So I was listening to the AlphaBeatical podcast last night on the drive home and I learned multiple things that I immediately wanted to discuss with you; like that there's a 26-minute take of Helter Skelter or do you remember the "007" opening to HELP! that was on the "Blue" album (1967-1970)? I had totally forgotten about it.
These things are certainly interesting, but I genuinely had my mind blown during the Her Majesty episode. I do not say "mind blown" without thought as I think it is overused and under-meant, but, in this case, I was driving down the road literally thinking how mind blowing what I just heard was.
I should warn you that learning what I learned last night might change how you think of the Abbey Road B-side medley forever. Please do not read further if you'd like things to stay how they are, but I think it's incredibly interesting.
That which I'll reveal below explains things that were mysterious and ingenious to me before...And by removing the mystery and ingenuity, it has rendered it mysterious and ingenious in a wholly different way.
Stop reading now if you don't want to know. As one of the hosts put it, and I'm paraphrasing, sometimes I get so used to the skip in the record or the scratch on the cd that I miss them when I don't hear it.
Perhaps you have already heard or read this story and it's not news. I'm honestly astonished that a detail this enormous had escaped my interest up to this point considering the amount of Beatles insignifica I have ingested in my life. But here goes; Her Majesty was originally conceived and recorded to follow Mean Mr. Mustard and precede Polythene Pam in the Abbey Road: B-side Medley.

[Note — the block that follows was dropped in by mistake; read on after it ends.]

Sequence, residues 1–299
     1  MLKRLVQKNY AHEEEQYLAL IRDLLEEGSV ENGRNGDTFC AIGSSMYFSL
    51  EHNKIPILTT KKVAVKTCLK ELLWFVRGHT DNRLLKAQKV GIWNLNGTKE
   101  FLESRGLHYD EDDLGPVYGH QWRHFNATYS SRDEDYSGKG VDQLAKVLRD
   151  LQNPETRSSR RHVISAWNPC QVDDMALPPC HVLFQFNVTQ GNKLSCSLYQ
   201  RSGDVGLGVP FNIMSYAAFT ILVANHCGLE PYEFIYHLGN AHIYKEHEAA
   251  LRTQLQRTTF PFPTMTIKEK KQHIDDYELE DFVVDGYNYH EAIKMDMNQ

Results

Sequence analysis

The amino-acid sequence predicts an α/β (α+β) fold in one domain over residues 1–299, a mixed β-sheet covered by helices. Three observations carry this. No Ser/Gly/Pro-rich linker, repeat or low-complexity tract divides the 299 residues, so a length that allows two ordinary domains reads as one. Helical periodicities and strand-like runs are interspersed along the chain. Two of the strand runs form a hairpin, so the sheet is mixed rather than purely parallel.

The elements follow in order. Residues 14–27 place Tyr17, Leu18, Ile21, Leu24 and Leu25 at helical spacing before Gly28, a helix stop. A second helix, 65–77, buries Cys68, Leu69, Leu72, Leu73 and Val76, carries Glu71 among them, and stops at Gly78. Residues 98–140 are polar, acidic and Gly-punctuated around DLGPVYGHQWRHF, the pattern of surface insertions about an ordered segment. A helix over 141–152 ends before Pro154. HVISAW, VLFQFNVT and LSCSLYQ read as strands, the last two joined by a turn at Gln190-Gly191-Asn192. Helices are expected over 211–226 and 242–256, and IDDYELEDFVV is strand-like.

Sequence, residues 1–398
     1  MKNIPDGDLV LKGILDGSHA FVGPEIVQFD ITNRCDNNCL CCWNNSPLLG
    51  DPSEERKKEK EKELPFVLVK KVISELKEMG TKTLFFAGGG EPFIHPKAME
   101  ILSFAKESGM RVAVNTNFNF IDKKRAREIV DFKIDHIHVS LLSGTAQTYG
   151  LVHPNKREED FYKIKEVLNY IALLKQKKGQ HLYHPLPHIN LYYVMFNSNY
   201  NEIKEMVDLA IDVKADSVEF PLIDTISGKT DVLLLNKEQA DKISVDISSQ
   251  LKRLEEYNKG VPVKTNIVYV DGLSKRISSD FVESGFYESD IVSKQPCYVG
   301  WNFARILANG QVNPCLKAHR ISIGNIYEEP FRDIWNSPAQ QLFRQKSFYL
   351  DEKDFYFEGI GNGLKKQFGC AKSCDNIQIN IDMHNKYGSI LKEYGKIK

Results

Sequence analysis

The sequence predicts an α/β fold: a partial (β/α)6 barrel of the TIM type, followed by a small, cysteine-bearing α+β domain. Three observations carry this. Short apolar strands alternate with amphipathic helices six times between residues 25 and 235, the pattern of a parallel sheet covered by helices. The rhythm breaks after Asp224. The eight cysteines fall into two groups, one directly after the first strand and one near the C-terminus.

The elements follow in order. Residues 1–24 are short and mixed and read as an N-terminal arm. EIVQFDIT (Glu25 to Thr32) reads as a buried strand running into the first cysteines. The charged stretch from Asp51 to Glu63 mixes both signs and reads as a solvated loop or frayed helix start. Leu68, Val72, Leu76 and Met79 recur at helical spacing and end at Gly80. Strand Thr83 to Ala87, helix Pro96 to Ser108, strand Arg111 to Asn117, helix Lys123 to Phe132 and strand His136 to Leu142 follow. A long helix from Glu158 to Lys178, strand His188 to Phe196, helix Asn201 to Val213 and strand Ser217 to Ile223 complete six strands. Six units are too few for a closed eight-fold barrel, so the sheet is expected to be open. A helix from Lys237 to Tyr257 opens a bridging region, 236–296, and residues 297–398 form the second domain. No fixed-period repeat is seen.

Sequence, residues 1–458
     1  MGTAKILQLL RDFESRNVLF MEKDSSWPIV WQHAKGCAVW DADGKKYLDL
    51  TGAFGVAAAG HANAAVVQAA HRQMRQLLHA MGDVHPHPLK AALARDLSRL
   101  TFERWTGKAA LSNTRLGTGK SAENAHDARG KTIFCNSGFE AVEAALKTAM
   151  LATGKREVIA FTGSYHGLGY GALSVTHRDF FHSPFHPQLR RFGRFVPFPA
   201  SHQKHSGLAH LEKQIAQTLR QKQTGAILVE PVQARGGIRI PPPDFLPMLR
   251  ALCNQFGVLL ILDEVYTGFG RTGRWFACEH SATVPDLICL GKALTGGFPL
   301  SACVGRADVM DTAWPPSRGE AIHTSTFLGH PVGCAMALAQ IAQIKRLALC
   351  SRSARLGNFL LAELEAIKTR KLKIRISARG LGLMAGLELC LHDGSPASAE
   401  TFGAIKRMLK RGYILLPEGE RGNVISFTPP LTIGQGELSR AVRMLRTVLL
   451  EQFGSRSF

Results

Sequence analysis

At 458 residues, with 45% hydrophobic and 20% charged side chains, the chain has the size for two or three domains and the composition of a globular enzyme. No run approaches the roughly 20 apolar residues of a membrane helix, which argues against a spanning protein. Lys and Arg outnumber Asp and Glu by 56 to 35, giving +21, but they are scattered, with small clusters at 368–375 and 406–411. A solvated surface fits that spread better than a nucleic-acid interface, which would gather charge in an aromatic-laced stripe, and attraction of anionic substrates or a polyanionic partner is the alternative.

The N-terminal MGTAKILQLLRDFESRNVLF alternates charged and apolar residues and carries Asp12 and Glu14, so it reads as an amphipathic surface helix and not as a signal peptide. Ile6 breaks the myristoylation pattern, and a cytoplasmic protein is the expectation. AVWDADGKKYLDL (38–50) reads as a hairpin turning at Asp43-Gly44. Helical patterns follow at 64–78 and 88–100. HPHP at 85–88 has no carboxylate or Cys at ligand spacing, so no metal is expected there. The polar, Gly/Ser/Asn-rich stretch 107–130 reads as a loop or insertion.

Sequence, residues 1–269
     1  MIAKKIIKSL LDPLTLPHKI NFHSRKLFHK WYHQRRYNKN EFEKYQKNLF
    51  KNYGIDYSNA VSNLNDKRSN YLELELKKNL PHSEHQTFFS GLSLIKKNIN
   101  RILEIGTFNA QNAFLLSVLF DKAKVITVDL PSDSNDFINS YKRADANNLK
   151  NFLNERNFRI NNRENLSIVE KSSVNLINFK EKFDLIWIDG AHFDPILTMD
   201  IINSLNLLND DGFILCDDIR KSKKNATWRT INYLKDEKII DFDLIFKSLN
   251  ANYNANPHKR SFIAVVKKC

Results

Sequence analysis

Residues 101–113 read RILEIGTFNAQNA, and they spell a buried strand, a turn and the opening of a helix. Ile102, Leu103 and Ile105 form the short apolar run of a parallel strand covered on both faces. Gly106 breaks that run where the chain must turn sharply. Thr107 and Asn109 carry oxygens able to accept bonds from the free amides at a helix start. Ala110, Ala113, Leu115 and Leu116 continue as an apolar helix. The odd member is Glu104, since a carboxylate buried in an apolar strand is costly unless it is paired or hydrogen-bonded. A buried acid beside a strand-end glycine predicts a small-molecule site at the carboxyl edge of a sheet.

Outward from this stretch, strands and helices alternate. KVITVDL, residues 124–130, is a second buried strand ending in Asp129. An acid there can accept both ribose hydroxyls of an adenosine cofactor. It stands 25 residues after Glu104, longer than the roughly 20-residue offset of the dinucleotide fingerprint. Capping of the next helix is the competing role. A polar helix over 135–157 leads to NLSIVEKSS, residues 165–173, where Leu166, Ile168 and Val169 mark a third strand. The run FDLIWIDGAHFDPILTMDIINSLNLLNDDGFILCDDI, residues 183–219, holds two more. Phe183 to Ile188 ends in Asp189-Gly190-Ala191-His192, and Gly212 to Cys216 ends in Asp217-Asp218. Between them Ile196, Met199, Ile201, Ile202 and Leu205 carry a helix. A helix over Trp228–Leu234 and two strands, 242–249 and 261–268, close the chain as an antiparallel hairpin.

I'll give you a second.
That seems ridiculous, right? It's a silly, throwaway acoustic ditty/demo that was tacked on to the end of the album as a lark, right? It's a nice little Macca musing that was proffered, but never fleshed out because Abbey Road was the last album recorded before the Beatles dissolution and it just didn't make it in time, right? It was just too good not to make the cut anyway, right? It's a cute palette cleanser for the ambitious and orgiastic finale to the album (read: band) and that's all it is, right? Paul just had to get in the last word and that's that, right?
As such; it starts with a quick full-band stinger and ends just as abruptly on the finger-picked 5th almost as if George Martin ran out of tape. But in actuality, that's the last hit of Mustard and the first pulse of Pam respectively.
Yeah. I know.
Even lyrically, there's context: "His sister Pam" "takes him out to look at the queen." Mean Mr. Mustard views Her Majesty with his sister Polythene Pam. Jeez, it's just so literal.
Apparently (and as a sidenote, the hosts do not present any of this as apocryphal (my one wish for this podcast is that it'd have footnotes and attributions)), Paul pulled the track out of the medley because he (understandably) didn't like the flow in the context of the medley and was going to "throw it out."
As in, lose the tape.
The story goes that a forward thinking EMI executive with eyes on The Beatles's inevitably lucrative legacy held on to the tape and it was eventually tacked on to the end of the album as we know it today.
- The story I've outlined above.
- The fact that Macca would (presumably) routinely throw away gems that I'd be proud to have penned once.
- The untold hundreds of other throw-aways that stayed thrown away.
- The decision to so "sloppily" leave the opening stinger and the button on the end once it was decided to put it on the album on its own as a hidden track.
I'd love to know your thoughts. Had you heard about this?
Take a listen to this clip wherein Her Majesty has been edited back to its original position.